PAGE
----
I have found the first 2 items to work fairly well, but the Duplicate PIM item although finding duplicates and supposedly fixing them, seems to find the same duplicates again if you do a soft reset after exiting the app.The Unprotected background apps and Unlocked background resources items work well enough but will find Alex Pruss’s software as a possible problem, because it is my understanding that Alex write’s his apps slightly differently. So my list contains 4 Pruss related apps:
Showbattery (yes mine is the Pruss version)
T3sk-noti (a myKbd component)
There are 6 items in this tab as well:
- Clean Temporary Files
- Clean cache file
- Clean a68k shadow files
- Find Orphan preferences
- Find orphan data files
- Find shared data files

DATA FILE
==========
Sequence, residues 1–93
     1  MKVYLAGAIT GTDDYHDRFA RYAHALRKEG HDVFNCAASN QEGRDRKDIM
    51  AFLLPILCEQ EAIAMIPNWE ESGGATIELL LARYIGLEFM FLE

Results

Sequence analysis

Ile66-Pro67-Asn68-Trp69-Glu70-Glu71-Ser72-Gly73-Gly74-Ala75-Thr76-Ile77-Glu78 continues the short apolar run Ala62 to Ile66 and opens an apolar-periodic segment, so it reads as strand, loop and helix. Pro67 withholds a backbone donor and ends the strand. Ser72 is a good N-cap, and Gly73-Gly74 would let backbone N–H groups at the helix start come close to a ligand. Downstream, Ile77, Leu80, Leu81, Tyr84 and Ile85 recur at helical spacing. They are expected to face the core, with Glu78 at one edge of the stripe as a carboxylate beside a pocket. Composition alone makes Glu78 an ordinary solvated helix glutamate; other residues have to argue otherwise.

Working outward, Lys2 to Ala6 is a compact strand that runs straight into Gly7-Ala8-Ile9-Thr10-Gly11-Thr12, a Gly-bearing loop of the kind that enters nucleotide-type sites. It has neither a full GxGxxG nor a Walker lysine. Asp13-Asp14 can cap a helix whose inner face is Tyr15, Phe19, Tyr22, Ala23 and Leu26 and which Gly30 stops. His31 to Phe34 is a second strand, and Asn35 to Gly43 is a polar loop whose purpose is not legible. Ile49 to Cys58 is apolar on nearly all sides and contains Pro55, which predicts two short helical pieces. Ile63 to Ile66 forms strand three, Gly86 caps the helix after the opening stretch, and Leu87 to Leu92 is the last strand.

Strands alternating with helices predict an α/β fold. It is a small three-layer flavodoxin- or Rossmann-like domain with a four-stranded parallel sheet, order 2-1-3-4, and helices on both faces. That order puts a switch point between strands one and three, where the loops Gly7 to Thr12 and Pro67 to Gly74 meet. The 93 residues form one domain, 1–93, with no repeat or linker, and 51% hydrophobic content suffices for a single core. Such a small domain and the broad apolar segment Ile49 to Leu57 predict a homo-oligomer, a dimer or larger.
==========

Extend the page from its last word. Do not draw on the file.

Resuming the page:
The first 3 items are fairly self explanatory are work well. The orphan preferences and orphan data items find items and identifies them based on Creator IDs. This can be a problem if an app doesn’t use creator IDs properly. These items are not a problem to run, but should be used carefully to delete items. The tealscan help file says, “Entries should generally only be deleted if Tealscan can identify them as belonging to an app you know you no longer run.” I just used these to do some cleaning and found many entries that did need to be deleted and were identified as belonging to apps I had deleted, but there were many more that belonged to unidentified apps. The last item, Shared data file, is interesting, but generally useless. That may be a little harsh. The files this tool finds should generally not be deleted, but if you identify all the apps that use the file and decide you are no longer using it then this tool will let you delete files.